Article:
Things I know, and things I think I know:
Josh Banderas was mismanaged by the previous Nebraska football coaching staff. That's not exactly breaking news.
And no, that's not a cowardly, after-he's-gone slap at the previous head coach. Bo Pelini seemed to always strive for fairness. But roster management is an inexact science. In this case, one full-time member of the former defensive staff acknowledged his misgivings about the way Banderas' playing time was handled each of the past two seasons.
A 6-foot-2, 235-pound junior from Lincoln Southwest, Banderas was thrown to the wolves as a true freshman in 2013 before he was ready. In fact, he started early on in each of the past two seasons -- five of the first six games last season -- before being benched. How do you think such handling affects a kid's confidence? I can see it occurring once. But twice?
Banderas now gets a fresh start under Nebraska coach Mike Riley as the odds-on candidate to start at middle linebacker in defensive coordinator Mark Banker's 4-3 system. It'll be easy to monitor Banderas' progress. Same goes for the rest of the linebackers because there are so few of them -- only five scholarship backers are available this spring.
"If we keep practicing like this, they will get a ton of work," Riley said Saturday, referring to his unique two-tiered approach. "That's the group we have to watch the most, so we don't wear them out. That's the thinnest position we have ..."
"Thinnest" shouldn't be mistaken for least-talented. If the season began today, the three starters likely would be Banderas in the middle, surrounded by junior Michael Rose-Ivey and explosive sophomore Marcus Newby. Substitute senior David Santos for Newby when Santos returns from injury.
Rose-Ivey is practicing on a limited basis as he comes back from a major knee injury suffered in August. Remember, Rose-Ivey came on strong in the late stages of 2013, averaging 9.8 tackles in the last five games at middle linebacker -- yes, the spot at which Banderas started for three nonconference games that season.
Banderas, in an interview in September, acknowledged he "wasn't 100 percent sure of what I was doing" as a rookie. Last season, he started all four nonconference games and at Michigan State before backing up Trevor Roach the rest of the regular season.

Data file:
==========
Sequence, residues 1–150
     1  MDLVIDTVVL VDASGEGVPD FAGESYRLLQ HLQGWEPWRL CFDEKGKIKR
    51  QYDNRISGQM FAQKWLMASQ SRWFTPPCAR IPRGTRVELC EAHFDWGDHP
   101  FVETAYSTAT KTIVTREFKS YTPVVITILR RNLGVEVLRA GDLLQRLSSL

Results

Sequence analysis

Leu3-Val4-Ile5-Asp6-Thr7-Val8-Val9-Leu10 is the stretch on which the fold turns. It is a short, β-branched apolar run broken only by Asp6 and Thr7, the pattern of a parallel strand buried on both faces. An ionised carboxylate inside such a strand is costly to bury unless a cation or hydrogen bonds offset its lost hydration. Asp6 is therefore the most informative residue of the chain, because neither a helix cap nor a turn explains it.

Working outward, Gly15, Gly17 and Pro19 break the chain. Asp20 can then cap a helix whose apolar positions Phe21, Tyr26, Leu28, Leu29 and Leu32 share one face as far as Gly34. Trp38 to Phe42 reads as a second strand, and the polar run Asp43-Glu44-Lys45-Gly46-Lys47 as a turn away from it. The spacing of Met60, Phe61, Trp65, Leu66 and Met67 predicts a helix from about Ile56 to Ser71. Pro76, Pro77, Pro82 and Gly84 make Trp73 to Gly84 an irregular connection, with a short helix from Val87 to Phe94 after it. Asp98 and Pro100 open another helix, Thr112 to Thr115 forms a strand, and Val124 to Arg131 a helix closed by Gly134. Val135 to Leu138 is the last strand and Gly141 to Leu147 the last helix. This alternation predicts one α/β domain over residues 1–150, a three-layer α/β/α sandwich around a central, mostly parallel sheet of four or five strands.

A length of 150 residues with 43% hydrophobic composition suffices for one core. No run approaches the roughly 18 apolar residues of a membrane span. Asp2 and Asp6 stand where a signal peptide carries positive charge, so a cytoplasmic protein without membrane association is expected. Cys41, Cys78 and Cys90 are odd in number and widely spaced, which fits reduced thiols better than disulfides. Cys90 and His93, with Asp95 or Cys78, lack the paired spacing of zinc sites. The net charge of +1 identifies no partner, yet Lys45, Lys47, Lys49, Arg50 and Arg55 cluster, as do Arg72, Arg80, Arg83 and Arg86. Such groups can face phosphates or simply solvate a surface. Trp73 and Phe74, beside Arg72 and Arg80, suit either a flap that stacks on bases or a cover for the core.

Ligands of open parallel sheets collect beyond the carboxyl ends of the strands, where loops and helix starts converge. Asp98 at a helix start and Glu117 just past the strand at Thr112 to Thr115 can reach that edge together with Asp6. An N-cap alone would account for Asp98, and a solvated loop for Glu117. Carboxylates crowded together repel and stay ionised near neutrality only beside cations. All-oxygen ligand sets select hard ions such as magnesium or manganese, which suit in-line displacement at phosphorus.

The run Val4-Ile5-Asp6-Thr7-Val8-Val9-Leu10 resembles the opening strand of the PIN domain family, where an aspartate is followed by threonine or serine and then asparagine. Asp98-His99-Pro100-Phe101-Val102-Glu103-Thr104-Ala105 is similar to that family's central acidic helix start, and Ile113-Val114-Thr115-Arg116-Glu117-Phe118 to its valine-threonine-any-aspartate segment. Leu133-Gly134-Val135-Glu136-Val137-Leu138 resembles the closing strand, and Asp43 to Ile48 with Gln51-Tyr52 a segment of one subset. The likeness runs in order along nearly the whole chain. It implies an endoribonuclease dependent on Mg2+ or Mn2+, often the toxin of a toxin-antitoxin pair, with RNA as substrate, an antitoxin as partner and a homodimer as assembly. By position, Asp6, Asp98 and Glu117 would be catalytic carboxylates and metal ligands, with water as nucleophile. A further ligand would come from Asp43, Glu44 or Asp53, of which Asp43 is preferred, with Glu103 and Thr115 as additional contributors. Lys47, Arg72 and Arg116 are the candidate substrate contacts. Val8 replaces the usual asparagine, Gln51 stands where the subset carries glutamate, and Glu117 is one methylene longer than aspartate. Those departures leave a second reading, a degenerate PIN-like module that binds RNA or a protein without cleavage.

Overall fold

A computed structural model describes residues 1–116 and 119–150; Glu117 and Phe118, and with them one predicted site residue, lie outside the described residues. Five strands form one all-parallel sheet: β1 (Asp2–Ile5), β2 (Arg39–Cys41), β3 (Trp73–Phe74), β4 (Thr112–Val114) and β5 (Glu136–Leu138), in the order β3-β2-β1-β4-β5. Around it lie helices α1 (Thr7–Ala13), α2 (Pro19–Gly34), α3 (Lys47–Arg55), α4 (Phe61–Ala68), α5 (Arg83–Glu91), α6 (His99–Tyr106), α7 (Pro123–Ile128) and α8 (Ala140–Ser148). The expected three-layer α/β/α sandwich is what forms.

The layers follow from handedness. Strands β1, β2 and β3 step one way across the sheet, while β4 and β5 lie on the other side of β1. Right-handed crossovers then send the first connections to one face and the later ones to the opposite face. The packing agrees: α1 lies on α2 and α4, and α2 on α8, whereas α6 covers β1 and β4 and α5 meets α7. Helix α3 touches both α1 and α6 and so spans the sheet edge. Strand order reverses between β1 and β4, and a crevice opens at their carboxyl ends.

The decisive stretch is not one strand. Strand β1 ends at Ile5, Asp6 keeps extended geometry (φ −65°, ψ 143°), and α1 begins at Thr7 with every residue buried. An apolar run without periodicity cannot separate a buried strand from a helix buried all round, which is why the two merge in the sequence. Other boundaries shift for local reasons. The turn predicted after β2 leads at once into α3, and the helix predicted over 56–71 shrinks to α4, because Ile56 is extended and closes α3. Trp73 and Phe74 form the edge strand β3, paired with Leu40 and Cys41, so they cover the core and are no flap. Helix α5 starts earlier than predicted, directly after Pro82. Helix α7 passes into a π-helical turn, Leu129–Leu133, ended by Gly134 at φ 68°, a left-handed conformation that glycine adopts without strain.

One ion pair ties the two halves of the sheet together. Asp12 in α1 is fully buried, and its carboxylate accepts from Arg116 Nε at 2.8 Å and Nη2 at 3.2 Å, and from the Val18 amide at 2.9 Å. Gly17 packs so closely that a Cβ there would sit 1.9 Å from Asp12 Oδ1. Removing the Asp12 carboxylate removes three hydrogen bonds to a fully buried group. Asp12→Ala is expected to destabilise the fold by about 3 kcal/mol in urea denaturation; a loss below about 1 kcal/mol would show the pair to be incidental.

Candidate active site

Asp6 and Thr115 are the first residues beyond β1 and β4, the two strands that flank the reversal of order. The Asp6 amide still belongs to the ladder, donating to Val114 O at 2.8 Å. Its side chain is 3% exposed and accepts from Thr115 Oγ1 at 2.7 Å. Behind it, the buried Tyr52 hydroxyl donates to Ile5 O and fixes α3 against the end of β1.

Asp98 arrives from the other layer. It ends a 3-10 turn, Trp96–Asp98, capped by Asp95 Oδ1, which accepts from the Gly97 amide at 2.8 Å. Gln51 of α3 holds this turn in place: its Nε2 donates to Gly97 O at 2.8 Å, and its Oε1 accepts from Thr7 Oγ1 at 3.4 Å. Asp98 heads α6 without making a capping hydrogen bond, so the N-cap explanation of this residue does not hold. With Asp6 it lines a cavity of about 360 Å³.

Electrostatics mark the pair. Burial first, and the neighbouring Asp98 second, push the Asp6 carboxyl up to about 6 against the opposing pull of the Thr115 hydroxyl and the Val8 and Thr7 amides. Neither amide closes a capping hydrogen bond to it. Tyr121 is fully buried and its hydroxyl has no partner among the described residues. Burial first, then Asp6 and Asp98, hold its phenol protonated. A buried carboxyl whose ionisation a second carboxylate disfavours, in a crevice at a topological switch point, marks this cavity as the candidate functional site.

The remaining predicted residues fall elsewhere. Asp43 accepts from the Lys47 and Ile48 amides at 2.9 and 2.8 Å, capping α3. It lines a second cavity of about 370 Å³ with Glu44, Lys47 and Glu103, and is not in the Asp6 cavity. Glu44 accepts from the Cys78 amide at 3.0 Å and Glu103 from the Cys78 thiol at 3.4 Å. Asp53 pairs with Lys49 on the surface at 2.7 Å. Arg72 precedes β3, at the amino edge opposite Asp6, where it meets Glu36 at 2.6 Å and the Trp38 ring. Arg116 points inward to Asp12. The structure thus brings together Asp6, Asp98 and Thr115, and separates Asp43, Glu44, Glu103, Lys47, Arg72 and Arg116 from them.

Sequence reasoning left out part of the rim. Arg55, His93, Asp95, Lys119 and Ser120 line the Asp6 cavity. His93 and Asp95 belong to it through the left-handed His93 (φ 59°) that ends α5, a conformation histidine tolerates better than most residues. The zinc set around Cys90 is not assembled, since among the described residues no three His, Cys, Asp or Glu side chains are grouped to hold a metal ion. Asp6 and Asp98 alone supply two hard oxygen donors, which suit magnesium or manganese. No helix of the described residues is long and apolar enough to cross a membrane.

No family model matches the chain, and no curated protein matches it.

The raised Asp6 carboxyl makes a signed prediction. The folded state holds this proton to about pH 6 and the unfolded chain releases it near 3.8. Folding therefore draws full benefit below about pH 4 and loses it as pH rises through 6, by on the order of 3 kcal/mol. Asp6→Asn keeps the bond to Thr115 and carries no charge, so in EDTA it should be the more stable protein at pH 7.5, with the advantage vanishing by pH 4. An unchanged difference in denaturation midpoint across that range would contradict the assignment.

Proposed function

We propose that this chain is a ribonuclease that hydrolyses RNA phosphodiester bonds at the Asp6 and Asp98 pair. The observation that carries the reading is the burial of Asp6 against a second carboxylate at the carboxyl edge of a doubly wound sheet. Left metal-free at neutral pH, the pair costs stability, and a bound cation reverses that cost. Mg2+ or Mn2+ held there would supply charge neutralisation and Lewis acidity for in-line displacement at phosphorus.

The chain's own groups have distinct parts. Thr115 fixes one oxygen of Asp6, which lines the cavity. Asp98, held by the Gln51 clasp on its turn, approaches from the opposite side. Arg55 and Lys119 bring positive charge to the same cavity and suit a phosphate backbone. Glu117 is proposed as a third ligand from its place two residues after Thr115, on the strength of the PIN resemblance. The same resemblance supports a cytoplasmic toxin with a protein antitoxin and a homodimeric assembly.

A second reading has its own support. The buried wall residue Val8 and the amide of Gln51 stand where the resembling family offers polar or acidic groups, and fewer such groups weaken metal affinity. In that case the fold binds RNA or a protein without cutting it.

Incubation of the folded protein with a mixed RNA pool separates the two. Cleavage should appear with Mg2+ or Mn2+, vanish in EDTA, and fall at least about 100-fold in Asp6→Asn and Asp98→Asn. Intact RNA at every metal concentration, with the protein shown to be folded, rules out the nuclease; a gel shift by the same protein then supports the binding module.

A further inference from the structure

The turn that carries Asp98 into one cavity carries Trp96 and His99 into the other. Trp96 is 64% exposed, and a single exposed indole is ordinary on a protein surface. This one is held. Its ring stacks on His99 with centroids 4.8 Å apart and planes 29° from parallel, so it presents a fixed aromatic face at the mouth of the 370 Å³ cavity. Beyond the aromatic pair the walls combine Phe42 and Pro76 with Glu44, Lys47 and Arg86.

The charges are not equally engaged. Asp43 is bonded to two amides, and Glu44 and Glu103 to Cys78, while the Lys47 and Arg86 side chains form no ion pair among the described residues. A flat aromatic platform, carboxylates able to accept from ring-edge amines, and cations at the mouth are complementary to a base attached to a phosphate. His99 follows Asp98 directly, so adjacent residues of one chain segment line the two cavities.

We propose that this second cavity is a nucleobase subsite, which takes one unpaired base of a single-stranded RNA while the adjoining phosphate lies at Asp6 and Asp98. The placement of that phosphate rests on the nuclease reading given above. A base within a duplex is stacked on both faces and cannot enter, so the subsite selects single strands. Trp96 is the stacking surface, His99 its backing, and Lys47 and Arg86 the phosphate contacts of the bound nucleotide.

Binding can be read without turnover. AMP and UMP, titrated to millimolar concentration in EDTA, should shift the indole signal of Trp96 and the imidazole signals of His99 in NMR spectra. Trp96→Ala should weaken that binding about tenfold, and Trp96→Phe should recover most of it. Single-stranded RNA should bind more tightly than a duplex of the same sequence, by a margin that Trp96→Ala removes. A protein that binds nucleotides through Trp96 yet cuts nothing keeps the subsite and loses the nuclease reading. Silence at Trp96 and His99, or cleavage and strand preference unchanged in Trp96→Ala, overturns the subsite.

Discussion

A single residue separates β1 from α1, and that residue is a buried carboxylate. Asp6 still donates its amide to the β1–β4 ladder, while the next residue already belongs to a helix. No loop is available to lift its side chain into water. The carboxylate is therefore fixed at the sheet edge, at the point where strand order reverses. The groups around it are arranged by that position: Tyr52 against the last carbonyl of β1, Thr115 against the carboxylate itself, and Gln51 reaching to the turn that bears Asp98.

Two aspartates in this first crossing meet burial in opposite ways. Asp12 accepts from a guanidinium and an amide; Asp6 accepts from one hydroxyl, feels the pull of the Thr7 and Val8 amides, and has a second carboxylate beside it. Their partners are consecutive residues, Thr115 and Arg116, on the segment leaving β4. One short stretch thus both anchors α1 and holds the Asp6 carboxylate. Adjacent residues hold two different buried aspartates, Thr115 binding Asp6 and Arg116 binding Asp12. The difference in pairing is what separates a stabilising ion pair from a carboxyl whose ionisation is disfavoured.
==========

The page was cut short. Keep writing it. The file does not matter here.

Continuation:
However, with Roach injured, Banderas started the Holiday Bowl and produced a team-leading 14 tackles. It was a solid performance -- good enough to catch Banker's eye. Banderas has good size and speed. And keep in mind that in Banker's scheme, the middle linebacker is asked to run free, to make plays sideline-to-sideline, meaning speed and athleticism is more important than it was in Pelini's scheme.
Widely regarded as Nebraska's top prep player for the class of 2013, Banderas' rocky ride at NU includes a brush with the law in May 2014 (which produced some decent bike-stealing jokes but was nothing more than a "brush"). He's learned plenty about life, I'm guessing. His grade-point average is above 3.5. He's stayed the course. Hard not to root for the kid.
* Regarding Ndamukong Suh's apparent deal with the Miami Dolphins, this comes from Armando Salguero of the Miami Herald:
"Everyone knows Suh is a great player," Salguero writes. "There is no doubt when he is right and engaged, he is virtually unblockable by one offensive lineman. But a league source tells me the Dolphins had better have done their homework.
"My source said Suh is a 'very quirky individual,' thus not the easiest person to understand. One person that apparently did a good job of forging some kinship with Suh is Detroit Lions coach Jim Caldwell, so it is clear Suh is open to leadership and a strong, quiet authority figure."
At Nebraska, Suh evidently followed leadership, but his rough edges were disguised well by "handlers." He wasn't exactly Tim Miles in terms of dealing with the media. As for the Dolphins, it's too bad Richie Incognito is no longer on the scene. Talk about sparks in practice.
* Barring injury or something unforeseen, Nate Gerry is going to start at one safety spot for Nebraska. The other starting safety likely will be either LeRoy Alexander or Kieron Williams (or perhaps Byerson Cockrell).
Williams, a sophomore from Shreveport, Louisiana, has that "I want to be great" look in his eyes. And he's an extremely explosive athlete (see his blocked punt last season against Purdue).
Plenty of talent in that secondary.
* Somebody slap me upside the head if I keep mentioning AJ Bush's improvement as a passer. But he was awfully sharp Saturday. Let's see if it continues.